Side trip to Saint Eadgyth’s…

This post was prompted by an idea a friend (EA had for a trip around the feature settings of various novels. She asked me where I would go and I chose a special place from Gisborne: Book of Pawns and decided to write a travel diary…

I had heard about the little priory from fellow travelers. It’s hidden inland a few miles from Great Yarmouth and friends had remarked on the secret tranquility of the place. But I was fascinated with illumination also and I discovered Saint Eadgyth, a mystic and scribe, little known now of course, was canonized not long after her death in the late 900’s on account of the miracle that occurred with her beautiful calligraphy.

In my journeying, I found a piece of her penmanship and fortuitously it was the fragment that was responsible for her canonization. The revered title of saint was conferred when her Madonna, illuminated most simply in the early Medieval style, cried real tears on the anniversary of Christ’s death. The fragment is stored as a valuable relic in the depths of the Bodleian although I have heard that the Vatican would like it transferred to their arts and antiquities collection.

Thus, fascinated not just with illuminated manuscripts but with legendary medieval priories, I determined to proceed with only the vaguest directions inland from the city of herrings…

I ignored the beaches and piers and followed the Rive Yare upstream, pausing where it split into two and thence found a track leading me to a thick clump of trees and shrubs and a little raised above the surrounding country.

The ruins of the tiny priory lay sheltered by trees younger than itself and shielded by a duck-egg blue sky. I can remember I took a sharp breath because the ghosts of history touched my shoulders. The quiet wrapped itself around like a blessing and for a moment I could quite see that what I had read was true:

‘A dulcet quiet drifted over us – bees, birds, water trickling somewhere, and silence. Whilst Gisborne had ensconced me in a number of religious houses, this one had a different air. There were similarities to be sure, but the preciously small nature of the place made me feel as if Mary had taken me in her arms and lifted me to some place beyond strife.’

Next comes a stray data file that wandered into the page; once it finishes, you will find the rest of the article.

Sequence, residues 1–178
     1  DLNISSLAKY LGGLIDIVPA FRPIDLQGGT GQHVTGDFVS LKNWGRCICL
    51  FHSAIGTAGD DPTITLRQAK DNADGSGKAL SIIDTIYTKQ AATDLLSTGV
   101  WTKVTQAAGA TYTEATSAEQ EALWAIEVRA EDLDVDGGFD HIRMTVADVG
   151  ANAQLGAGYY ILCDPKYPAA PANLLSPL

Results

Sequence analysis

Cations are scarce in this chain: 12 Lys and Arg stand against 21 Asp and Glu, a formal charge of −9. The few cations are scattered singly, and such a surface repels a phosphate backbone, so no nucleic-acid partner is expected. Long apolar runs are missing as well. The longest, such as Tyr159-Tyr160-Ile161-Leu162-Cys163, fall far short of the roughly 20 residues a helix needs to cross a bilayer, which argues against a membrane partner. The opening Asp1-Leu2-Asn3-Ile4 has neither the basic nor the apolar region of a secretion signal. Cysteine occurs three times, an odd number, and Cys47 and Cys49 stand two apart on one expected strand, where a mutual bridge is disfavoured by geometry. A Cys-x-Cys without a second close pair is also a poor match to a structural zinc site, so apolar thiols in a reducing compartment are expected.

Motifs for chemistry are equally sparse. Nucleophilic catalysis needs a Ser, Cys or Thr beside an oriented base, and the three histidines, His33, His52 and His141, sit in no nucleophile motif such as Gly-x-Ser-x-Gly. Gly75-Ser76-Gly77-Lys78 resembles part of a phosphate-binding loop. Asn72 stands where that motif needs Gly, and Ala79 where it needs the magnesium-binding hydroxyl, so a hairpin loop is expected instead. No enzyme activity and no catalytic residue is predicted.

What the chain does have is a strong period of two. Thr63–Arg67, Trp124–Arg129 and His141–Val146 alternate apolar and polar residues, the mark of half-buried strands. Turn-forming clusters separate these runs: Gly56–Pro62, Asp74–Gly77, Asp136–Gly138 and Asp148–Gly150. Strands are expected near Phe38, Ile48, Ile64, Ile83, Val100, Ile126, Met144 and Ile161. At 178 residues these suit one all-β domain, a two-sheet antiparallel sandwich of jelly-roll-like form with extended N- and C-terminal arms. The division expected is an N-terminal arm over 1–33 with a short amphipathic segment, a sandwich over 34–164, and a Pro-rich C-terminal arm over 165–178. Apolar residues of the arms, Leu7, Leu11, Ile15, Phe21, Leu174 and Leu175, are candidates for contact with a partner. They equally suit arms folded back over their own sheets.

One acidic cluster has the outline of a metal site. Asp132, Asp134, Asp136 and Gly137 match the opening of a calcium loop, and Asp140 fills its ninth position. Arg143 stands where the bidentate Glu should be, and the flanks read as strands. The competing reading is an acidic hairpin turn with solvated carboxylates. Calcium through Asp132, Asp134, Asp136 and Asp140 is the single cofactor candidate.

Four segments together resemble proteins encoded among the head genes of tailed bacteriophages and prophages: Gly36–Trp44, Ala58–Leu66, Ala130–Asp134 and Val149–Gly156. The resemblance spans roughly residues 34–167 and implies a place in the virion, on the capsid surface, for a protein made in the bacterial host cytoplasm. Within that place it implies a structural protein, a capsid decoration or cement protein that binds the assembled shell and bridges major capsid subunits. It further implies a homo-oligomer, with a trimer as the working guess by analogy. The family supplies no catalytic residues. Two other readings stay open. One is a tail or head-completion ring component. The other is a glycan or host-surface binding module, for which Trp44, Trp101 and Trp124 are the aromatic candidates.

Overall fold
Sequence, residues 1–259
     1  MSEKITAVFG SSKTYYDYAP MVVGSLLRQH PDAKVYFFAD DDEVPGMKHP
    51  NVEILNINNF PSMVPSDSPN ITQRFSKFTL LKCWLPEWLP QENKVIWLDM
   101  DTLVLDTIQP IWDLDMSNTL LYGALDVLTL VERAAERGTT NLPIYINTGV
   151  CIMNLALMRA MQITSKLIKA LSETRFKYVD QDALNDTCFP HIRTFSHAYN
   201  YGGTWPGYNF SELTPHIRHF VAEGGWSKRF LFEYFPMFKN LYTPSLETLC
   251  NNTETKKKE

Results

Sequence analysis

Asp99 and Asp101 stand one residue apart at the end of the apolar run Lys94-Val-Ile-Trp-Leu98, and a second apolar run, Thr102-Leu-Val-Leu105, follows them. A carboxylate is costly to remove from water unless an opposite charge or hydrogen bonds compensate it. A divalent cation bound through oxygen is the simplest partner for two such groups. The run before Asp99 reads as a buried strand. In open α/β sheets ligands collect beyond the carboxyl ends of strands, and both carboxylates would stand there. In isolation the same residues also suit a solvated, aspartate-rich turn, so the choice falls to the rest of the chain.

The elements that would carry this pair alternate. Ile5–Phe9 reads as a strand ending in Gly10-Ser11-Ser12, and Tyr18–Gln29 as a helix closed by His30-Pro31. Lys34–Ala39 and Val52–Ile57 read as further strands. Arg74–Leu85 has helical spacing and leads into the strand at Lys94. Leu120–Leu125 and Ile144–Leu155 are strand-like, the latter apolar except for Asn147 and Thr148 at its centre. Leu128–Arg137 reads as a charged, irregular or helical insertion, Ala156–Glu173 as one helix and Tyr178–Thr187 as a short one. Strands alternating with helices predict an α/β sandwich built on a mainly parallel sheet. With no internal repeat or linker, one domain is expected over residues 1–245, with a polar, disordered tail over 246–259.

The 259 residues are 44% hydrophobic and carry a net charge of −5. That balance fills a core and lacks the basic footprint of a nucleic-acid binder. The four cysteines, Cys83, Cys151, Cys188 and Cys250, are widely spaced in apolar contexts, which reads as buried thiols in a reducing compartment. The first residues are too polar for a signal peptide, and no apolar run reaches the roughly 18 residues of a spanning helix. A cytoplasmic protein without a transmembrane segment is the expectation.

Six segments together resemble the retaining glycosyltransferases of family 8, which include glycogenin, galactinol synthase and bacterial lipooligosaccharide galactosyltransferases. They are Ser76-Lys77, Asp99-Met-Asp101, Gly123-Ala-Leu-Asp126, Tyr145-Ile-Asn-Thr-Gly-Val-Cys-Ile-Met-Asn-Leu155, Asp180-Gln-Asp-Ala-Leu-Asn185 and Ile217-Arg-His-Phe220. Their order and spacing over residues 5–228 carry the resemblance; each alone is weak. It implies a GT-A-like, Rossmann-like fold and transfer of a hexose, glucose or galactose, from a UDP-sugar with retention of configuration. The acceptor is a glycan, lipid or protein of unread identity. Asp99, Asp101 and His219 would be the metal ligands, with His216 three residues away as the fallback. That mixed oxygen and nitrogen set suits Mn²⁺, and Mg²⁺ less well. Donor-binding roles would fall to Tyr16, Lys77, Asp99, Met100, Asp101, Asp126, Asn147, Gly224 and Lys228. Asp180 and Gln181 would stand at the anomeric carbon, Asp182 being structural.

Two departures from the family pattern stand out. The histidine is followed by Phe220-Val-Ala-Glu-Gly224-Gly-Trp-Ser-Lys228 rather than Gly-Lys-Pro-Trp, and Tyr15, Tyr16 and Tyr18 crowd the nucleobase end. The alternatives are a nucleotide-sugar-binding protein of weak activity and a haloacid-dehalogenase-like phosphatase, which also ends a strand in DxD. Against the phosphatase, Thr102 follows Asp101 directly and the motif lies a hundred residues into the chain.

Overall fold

I moved along what were most likely the cloisters – carved stone and the odd elegantly plain arch indicating a gracious and subtle design.

We proceeded at a measured pace and because the remains of the earlier mists had dissolved, I had time to observe that the walls continued further than I had thought. There was a hedge across the end of the herb garden and through a withied gate I could see the ordered rows of a vegetable plot and the longer pasture and wildflowers that underlay an orchard of trees.’

I walked beyond the arches in the hope I might find the remains of an orchard and infirmary garden and maybe even the headstones of the small burial ground. At first I thought the years had swallowed it all but I began to find plants: Pulmonaria, Samphire, Herb Robert. Then the cracked remains of a cistern, perhaps the original waterwell.

And finally the tumbled blocks of the headstones.

The carving was faded and illegible but I spat on my finger and rubbed at moss and lichen, the grain of the stone pitted like orange skin. And when I had all but given up with my finger red and sore, a letter began to emerge that might have been a ‘G’.

I sat on a weed-covered mound and gazed at the climbing rose thought to have been bred in this quaint place and which shrouded what was left of a wall.

‘I did not speak this time but noticed a rose lying with my self-styled cluster of the day before. A stunningly folded petal that looked as though it were shaped from fabric, a bud that had almost but not quite opened, as if it were shy of showing what it really was. It was as faded as a copper platter that might have been found in the burial mounds that littered the fields of England. I had never seen a colour like it, almost implausible. Kneeling on the dew-wet grass, I touched it with my finger.

 Ghislaine’s rose gleamed in the late afternoon light, the sun catching the centre, the stamens and folds shining like gold leaf and I was prompted to think on the centuries’ old life I had stumbled upon. Where gold leaf was worked into the edges of parchment and burnished like the centre of the rose.

I left as quietly as the silence around me, with a mind full of memories and a fallen rose-petal in my hand.

It was enough.

NB: Saint Eadgyth’s Priory, Saint Eadgyth herself and everything within this post (apart Great Yarmouth and the rose, actually known as Julia) is fictional, taken from the afore-mentioned book, but I hope you enjoyed the journey anyway!